This Positive Life: An Interview With Rachelle McNair
October 25, 2010
Welcome to This Positive Life! We have with us Rachelle McNair. In 2009, this mother of five was helping her youngest son settle into college when she came down with H1N1 influenza. She was rushed to the hospital, where she was also diagnosed with HIV. Her CD4 count was zero. While the doctors basically sent her home to die, Rachelle recovered with the help of medicine, support and her faith. A year later, this newly married church leader and recovering addict talks with us about cheating death, why ignorance around HIV is killing us and why she started her own group to build women's self-esteem.
Can you start by describing how you first found out you were HIV positive?
I found out in 2009, in the month of August. I was on the way to take my son to get him settled in college in Tallahassee -- I meant Jacksonville, correction -- and I got a fever. I started getting real sick and didn't know what was going on with me. My daughter -- once we got there, I couldn't go inside the dorm to even get him situated, or anything, so she rushed me back to Orlando, in which I live. And my husband took me to the hospital and found out; first of all, I was diagnosed with the swine flu.
From that point, they asked me did I want to take an HIV test. And I was afraid to take it at first, and I'd been putting it in the back of my head for years. My soon-to-be-husband, at that time, he was, like, "Take it. I'm not going to leave you. I'm here with you." And I took the test, and it came out positive.
You said you had always had it in the back of your mind. Why?
Because I had a promiscuous lifestyle. I'm a recovering addict. And I wasn't proud of a lot of things that I've done in my past. I had changed my lifestyle and everything, so I just wasn't thinking about it. I just thought I was safe now. Yeah.
So when you got the results, what did you think?
I felt . . . I thought . . . In my mind, I always had a fear of this disease, because my father passed away with it. And I always said I wouldn't want to know if I get it; I want to just die.
When I found out that I did have it, it was like a relief of something that I'd been fearing for so long, so the worst was behind me.
What did your fiancé say?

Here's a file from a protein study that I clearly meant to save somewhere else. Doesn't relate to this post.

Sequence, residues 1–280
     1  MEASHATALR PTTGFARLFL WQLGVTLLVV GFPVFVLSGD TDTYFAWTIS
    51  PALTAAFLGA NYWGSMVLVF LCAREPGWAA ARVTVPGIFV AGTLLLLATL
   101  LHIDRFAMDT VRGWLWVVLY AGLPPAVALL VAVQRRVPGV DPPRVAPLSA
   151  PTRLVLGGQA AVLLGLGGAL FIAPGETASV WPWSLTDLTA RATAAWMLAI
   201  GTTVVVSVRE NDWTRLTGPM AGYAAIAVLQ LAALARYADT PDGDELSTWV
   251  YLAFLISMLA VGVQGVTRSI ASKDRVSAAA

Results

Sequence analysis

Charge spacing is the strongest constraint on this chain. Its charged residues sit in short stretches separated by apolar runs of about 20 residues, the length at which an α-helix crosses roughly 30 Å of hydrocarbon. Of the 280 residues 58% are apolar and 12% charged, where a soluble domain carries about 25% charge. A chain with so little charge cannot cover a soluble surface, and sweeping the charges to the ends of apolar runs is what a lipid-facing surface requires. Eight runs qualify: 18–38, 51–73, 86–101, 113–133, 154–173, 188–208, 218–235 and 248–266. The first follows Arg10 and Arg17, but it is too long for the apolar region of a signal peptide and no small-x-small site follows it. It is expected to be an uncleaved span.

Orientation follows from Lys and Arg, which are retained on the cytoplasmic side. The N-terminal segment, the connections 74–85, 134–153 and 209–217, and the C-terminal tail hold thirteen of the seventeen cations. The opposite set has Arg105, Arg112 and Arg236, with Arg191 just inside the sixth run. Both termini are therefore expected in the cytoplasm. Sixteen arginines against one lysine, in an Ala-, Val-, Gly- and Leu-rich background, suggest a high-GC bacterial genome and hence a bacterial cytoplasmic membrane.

Basically, he was loving about the whole situation. His response shocked me, because I was like, this -- and we hadn't been together a long time, and for him to find out that this woman he's about to marry is now diagnosed with HIV -- and in my mind I was saying, "He's going to leave me. I don't care what he says. I know he's going to walk away and leave me."
But he proved me wrong. He truly proved that he really does love me and we're getting through this together.
So you're recently diagnosed. I mean, it's just been a year.
Just a year.
How have you been doing?
"In the beginning, it was a roller-coaster ride. It went from fear to having to educate myself. Because I had a zero immune system, I stayed in intensive care for 16 days. They gave me up to die."
Well, I must say; it has . . . in the beginning, it was a roller-coaster ride. It went from fear to having to educate myself. Because I had a zero immune system, I stayed in intensive care for 16 days. They gave me up to die. Listening at family members come to visit me, saying, ". . . pulling out a black dress," and "How are we going to get the body back to Fort Lauderdale?" And all of those fears. I guess my faith's what really got me through it. Because I am a Christian and I started believing more in the power of a Higher Power, and determining that this is not a death sentence.
From listening at the providers, the care providers that I had, they explained about the different medications, and if they can get them in my system, and if my body adjusted to them, that I can live a healthy lifestyle. And I did whatever it takes, to pay attention and do whatever they told me to do, because I wanted to get better, and not bitter.
How long do you think that you had been positive, and just didn't know?
From my test results, and viral loads, and CD4 count, it had been in my system for at least 10 years. Ten years.
And you had never been offered an HIV test before?
I had, but it was the fear, the fear. And that's why I guess, out of this whole thing, after me being so ignorant -- when I got better, I founded an organization called Women of Worth. I do workshops, and I go and bring the churches and the communities together in the awareness of HIV and substance abuse.
This article was provided by TheBody.